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And so we come to the final element of a tort claim: proof of damages. According to § 901 of the Restatement (Second) of Torts, tort actions have four purposes: “(a) to give compensation, indemnity, or restitution for harms; (b) to determine rights;©to punish wrongdoers and deter wrongful conduct; and (d) to vindicate parties and deter retaliation or violent and unlawful self-help.”
In this class, we will focus on monetary damages. But it is important to understand that for some torts, there are other remedies available — in particular, equitable remedies. These remedies play an especially important role in cases involving “constitutional torts.” (Indeed, qualified immunity may often rule out retrospective damages awards.)
We will examine the two primary forms of monetary damages — compensatory damages, which are designed to respond to the loss suffered by the plaintiff, and punitive damages, which are designed to punish the defendant. (There is a third category of money damages — nominal damages, which function mainly as a symbol that a plaintiff who cannot prove damages has nonetheless been wronged.) Compensatory damages can, in turn, be subdivided into (1) compensatory damages for economic loss or pecuniary harm (for example, medical expenses, lost income, property damage) and (2) compensatory damages for non-economic or non-pecuniary harms (for example, pain and suffering or loss of consortium).EDIT PLAYLIST INFORMATION DELETE PLAYLIST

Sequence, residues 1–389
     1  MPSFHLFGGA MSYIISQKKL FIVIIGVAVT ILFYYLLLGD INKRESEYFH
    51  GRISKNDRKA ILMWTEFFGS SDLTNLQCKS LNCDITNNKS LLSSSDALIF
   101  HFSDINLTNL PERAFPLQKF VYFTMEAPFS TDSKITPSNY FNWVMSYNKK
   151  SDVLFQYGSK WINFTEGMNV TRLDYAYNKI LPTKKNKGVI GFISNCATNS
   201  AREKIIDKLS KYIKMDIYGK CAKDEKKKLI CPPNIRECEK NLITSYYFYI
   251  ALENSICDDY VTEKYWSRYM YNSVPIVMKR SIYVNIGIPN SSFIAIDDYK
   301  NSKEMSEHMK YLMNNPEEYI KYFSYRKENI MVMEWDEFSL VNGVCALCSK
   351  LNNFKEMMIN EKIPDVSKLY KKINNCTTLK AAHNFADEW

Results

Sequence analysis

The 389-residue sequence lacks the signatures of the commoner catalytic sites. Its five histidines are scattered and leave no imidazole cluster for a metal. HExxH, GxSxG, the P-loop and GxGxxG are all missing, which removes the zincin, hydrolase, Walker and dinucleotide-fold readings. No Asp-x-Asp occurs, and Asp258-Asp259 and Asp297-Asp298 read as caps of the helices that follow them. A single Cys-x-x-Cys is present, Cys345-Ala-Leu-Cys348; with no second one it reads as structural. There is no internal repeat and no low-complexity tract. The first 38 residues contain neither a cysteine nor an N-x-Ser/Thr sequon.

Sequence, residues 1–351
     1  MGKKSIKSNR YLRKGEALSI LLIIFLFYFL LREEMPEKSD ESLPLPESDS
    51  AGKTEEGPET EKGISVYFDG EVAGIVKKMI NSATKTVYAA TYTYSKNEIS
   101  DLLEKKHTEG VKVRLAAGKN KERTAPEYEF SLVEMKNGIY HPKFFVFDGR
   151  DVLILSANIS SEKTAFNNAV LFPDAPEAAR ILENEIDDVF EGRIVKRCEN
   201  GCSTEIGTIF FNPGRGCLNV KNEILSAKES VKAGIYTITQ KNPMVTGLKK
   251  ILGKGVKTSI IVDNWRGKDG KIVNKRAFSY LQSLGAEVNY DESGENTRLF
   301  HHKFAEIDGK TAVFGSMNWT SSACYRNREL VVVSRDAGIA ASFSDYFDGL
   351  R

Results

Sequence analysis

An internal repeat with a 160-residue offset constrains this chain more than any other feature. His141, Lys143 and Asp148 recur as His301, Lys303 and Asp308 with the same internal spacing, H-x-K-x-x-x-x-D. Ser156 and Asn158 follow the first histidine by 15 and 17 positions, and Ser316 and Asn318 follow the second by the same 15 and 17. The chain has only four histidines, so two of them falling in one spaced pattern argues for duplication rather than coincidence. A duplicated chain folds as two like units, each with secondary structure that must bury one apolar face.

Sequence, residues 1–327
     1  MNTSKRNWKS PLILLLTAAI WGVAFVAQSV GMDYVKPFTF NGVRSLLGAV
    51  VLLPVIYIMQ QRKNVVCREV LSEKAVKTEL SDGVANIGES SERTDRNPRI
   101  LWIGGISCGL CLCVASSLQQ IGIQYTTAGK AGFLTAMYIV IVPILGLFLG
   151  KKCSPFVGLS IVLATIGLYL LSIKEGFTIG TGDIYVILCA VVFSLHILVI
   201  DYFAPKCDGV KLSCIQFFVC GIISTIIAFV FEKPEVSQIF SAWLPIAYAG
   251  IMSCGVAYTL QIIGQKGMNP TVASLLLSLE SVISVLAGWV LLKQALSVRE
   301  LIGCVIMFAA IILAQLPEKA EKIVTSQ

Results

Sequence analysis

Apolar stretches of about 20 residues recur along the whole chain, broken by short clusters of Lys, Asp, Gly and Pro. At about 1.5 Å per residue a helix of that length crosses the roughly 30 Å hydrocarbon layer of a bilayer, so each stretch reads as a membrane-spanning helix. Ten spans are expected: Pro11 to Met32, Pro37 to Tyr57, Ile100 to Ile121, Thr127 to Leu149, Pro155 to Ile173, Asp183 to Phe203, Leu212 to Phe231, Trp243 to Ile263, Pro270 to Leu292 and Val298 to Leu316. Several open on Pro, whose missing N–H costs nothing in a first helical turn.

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|1||Show/Hide More||Greyhound Lines, Inc. v. Sutton|
|2||Show/Hide More||Arambula v. Wells|
|3||Show/Hide More||Martha Chamallas & Jennifer B. Wriggins, The Measure of Injury: Race, Gender, and Tort Law (2010)|
|4||Show/Hide More||James v. United States|
|5||Show/Hide More||Evers v. Dollinger|
|6||Show/Hide More||Smith v. State Dept. of Health & Hosp|
|7||Show/Hide More||Leathers v. General Motors Corp|
|8||Show/Hide More||Forrestal v. Magendantz|
|9||Show/Hide More||BMW of North America, Inc. v. Gore|
July 20, 2015
Professor of Law
Stanford Law School
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